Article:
The future of the economy depends on containing the fiscal deficit and undertaking a wide range of reforms. It is therefore of utmost importance that the government works out an economic consensus among the entire coalition for the implementation of economic policies. The resolve and determination needed for economic reforms cannot be achieved without the support of all members of the government and the strong unequivocal support of the President.

Confused by changes
Changes agreed on during the budget debate and promises made to give further relief and concessions from those of the original budget would distort the budgetary figures significantly. From the very inception there would be revenue shortfalls and expenditure overruns. These would in turn require further adjustments in and changes in taxation to contain the fiscal deficit and find the fiscal space for increased expenditures. The final outcome of the budget remains in much more uncertainty than previous budgets.

Policy inconsistencies
The Prime Minister’s objective of lessening the fiscal deficit to 3.5 percent of GDP in 2020 is hardly realisable with this budget’s approach of extravagant expenditure and inadequate revenues. The budget as originally presented did not show signs of progress towards achieving this target as the fiscal deficit was estimated at 5.9 percent of GDP. With the proposed changes in taxation and additional expenditures, the fiscal deficit is likely to be higher. New fiscal measures that are agreed upon by the coalition partners would be needed to make a serious dent in the fiscal imbalance.

Another objective of the PM’s statement to reduce the proportion of indirect taxes to 40 per cent from 60 per cent of total revenue and to decrease direct taxes to 60 per cent from its current 80 per cent was not adhered to. Instead, according to tax experts, the reliance on indirect taxes was increased to about 85 per cent of GDP with direct taxes bringing in only 15 per cent. This regressive feature in taxation needs to be remedied by either increased direct taxation of higher incomes or indirect taxes that fall on affluent consumption.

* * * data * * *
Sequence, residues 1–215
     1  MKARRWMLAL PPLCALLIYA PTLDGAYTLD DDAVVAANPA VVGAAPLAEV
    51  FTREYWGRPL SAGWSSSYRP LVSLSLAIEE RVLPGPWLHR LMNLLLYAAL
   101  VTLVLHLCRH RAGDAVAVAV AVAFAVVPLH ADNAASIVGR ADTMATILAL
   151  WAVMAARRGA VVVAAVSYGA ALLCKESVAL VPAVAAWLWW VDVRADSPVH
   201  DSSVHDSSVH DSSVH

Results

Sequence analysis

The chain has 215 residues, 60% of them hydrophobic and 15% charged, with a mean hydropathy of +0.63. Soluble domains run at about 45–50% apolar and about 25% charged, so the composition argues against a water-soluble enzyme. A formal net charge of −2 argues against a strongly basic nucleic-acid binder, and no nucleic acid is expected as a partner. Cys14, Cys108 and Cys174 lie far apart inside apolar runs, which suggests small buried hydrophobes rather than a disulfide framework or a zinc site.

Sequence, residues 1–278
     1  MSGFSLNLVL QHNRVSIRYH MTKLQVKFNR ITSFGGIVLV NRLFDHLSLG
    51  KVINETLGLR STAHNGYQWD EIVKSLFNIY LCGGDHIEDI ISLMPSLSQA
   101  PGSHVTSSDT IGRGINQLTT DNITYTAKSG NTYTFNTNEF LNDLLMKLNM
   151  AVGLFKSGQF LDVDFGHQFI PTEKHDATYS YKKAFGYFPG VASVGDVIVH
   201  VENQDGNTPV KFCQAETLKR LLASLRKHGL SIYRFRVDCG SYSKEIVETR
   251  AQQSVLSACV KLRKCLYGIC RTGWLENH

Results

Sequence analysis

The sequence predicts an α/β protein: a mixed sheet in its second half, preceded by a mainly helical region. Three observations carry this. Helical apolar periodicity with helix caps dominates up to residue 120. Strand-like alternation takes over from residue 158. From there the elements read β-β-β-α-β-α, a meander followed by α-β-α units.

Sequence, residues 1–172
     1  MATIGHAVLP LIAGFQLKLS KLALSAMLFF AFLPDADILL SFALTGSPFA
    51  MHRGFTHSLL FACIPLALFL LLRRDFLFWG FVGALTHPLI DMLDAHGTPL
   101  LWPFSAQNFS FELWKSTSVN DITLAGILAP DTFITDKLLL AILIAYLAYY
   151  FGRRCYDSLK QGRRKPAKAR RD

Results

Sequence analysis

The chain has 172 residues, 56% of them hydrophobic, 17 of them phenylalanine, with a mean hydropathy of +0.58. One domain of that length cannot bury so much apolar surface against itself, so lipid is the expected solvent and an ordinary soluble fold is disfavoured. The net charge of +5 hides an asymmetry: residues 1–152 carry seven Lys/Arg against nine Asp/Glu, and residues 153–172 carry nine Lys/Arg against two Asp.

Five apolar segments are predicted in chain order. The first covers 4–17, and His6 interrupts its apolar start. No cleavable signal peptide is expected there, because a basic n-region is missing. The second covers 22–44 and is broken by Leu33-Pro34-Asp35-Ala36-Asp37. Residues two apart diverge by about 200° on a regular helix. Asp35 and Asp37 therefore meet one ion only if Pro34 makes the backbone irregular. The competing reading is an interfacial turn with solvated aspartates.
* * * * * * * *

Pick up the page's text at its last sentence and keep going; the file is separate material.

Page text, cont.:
Government policy of discouraging petrol usage by motor vehicles reiterated in the PMs statement of economic policy was flouted with high taxation on hybrid cars. The government must look at import duties on motor vehicles with not only revenue objectives, but the high import expenditure, environmental issues, petrol consumption and as a means of taxing high spending tax evaders.

Dangers ahead
The budget has not addressed the most serious problem of containing the fiscal deficit. The IMF Representative in Sri Lanka Ms. Eteri Kvintradze has expressed concerns about the 2016 budget not envisaging significant fiscal consolidation. The IMF has emphasized the need for steps to re-establish fiscal consolidation and reduce public debt, mainly by expenditure restraint and revenue reforms such as eliminating tax exemptions. Amendments to the budget appear to aggravate the fiscal deficit rather than reduce it.

The Prime Minister’s Economic Policy statement that preceded the budget had raised hopes among economists that this most fundamental economic problem would be addressed by the 2016 Budget. Instead the budgeted figures estimated the fiscal deficit to be only slightly less than the six per cent expected for 2015. One does not expect the PM’s fiscal goals to be achieved completely in this budget, but the budget has taken a contra course to it.
The inability to contain the fiscal deficit below five per cent of GDP would destabilise the economy, undermine the investment climate and retard economic growth and development.